2. Under 18 U.S.C. § 3553(a), district courts must consider certain factors when sentencing a defendant. These factors include: (1) the nature and circumstances of the offense and the history and characteristics of the defendant; (2) the need for the sentence imposed to accomplish certain aims, such as reflect the seriousness of the offense, afford adequate deterrence, and protect the public; (3) the kinds of sentences available; (4) the applicable guidelines range; (5) any pertinent Sentencing Commission policy statement; (6) the need to avoid unwarranted sentence disparities among defendants; and (7) the need to provide restitution to victims. 18 U.S.C. § 3553(a).
3. There is an exception to this general principle, where, as here, a defendant contends that the district court failed to adequately explain the basis of the sentence imposed. In such circumstances, we conduct a de novo review of the sufficiency of the district court's explanation, even if the defendant did not object before the district judge. United States v. Bonilla, 463 F.3d 1176, 1181 (11th Cir. 2006).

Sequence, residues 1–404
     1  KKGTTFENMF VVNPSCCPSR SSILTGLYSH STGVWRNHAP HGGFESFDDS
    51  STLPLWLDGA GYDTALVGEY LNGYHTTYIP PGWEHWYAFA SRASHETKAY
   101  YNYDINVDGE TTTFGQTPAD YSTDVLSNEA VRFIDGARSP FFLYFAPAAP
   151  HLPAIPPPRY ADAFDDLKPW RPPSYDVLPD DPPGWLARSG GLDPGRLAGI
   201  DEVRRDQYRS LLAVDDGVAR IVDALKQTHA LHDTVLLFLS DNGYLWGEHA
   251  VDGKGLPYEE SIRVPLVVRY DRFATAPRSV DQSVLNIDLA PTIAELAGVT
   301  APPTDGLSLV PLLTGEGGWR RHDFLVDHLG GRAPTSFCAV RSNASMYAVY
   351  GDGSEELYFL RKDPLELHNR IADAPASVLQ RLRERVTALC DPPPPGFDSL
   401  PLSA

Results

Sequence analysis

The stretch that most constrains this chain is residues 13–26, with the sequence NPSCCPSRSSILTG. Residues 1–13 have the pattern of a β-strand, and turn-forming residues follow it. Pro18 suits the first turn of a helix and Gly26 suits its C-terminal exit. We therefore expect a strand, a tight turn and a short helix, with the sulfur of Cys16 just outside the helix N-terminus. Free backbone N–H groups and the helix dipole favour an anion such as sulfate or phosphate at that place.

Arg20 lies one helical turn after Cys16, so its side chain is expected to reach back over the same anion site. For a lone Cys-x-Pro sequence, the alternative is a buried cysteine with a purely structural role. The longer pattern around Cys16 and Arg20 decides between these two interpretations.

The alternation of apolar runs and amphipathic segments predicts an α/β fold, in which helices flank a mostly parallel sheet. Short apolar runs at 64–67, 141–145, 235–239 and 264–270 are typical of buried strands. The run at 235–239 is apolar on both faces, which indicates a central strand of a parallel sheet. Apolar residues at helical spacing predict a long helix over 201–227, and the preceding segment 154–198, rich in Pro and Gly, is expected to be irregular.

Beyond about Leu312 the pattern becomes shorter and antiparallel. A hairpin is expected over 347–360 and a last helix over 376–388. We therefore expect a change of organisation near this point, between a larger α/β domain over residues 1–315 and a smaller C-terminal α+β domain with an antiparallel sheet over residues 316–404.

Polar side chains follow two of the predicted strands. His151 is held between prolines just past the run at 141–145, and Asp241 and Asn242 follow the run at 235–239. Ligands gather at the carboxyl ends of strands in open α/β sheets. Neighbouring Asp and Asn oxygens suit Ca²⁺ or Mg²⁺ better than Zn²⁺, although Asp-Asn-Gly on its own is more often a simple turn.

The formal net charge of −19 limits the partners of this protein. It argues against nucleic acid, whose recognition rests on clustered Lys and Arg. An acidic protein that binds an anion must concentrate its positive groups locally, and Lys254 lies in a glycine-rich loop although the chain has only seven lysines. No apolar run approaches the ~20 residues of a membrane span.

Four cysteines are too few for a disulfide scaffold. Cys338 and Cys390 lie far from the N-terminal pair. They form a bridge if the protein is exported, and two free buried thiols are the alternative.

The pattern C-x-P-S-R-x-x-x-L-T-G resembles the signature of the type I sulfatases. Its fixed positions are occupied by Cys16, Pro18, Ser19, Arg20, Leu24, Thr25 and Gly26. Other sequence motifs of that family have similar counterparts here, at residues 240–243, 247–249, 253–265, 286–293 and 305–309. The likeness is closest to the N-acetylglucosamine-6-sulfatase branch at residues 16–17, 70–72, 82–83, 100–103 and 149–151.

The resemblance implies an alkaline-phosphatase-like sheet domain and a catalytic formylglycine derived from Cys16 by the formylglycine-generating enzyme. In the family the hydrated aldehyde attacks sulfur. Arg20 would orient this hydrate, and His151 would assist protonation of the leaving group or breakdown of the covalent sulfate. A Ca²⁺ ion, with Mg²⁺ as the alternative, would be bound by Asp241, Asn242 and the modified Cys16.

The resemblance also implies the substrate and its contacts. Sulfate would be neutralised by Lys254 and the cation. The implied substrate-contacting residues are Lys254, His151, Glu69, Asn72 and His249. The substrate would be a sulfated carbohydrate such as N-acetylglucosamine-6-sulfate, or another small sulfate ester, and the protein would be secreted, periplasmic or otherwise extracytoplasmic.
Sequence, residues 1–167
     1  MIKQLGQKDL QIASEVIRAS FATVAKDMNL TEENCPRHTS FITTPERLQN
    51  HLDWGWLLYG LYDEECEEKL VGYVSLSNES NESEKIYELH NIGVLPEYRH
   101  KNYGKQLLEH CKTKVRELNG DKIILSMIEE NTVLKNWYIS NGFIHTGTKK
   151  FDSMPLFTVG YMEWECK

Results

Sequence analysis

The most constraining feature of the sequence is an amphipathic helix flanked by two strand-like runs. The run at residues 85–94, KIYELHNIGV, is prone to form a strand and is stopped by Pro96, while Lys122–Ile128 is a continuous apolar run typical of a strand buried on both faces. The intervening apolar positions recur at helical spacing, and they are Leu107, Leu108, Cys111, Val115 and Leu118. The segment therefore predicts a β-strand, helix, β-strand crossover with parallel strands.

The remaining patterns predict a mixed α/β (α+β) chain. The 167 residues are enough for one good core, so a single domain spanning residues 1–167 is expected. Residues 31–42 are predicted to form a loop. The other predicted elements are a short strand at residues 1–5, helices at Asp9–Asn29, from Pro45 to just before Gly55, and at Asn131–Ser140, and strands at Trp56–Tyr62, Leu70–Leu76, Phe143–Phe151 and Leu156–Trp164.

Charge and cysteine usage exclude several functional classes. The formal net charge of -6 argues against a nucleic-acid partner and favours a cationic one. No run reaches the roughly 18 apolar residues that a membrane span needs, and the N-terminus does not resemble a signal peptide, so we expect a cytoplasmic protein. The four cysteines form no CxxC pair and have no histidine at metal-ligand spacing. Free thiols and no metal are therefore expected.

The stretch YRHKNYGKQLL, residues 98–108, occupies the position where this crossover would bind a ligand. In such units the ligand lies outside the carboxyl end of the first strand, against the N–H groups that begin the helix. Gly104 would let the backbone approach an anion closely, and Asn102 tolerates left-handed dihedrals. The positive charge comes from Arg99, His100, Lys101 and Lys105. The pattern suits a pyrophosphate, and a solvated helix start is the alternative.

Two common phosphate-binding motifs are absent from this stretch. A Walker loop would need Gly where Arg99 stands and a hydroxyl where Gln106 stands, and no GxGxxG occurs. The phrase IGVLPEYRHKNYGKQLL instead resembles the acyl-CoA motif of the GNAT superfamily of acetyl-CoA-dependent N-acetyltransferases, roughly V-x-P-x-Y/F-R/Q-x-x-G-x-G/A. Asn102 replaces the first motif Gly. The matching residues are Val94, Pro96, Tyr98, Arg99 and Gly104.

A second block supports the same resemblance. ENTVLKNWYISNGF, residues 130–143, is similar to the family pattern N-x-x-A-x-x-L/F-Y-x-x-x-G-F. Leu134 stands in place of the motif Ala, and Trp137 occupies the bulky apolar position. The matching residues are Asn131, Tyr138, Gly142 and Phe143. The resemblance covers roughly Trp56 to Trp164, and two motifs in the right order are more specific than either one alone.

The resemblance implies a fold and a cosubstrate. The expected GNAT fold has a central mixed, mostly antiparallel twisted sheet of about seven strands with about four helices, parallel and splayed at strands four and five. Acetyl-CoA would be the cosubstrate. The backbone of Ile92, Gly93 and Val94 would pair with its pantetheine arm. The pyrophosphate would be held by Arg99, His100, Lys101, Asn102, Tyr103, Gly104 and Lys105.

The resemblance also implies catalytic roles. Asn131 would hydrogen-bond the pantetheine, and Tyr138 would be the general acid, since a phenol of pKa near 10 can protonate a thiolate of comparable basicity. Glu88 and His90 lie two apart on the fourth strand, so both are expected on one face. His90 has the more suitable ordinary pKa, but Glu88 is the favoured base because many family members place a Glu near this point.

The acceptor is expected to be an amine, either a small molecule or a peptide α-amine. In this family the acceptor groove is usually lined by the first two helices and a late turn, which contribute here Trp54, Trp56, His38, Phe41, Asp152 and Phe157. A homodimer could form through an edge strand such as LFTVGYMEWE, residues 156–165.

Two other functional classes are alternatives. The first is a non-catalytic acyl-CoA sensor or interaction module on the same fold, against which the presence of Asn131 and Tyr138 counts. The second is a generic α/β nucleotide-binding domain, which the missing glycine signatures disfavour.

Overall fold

4. Kennedy also argues that his sentence is substantively unreasonable for many of the same reasons he argues that his sentence is procedurally unreasonable. For example, Kennedy contends the district court imposed a substantively unreasonable sentence when it applied an upward variance despite having declined to impose an upward departure. He also argues that his sentence is substantively unreasonable because the court failed to consider his arguments in favor of a mitigated sentence. We addressed these arguments in the preceding section and reject them for the reasons previously discussed.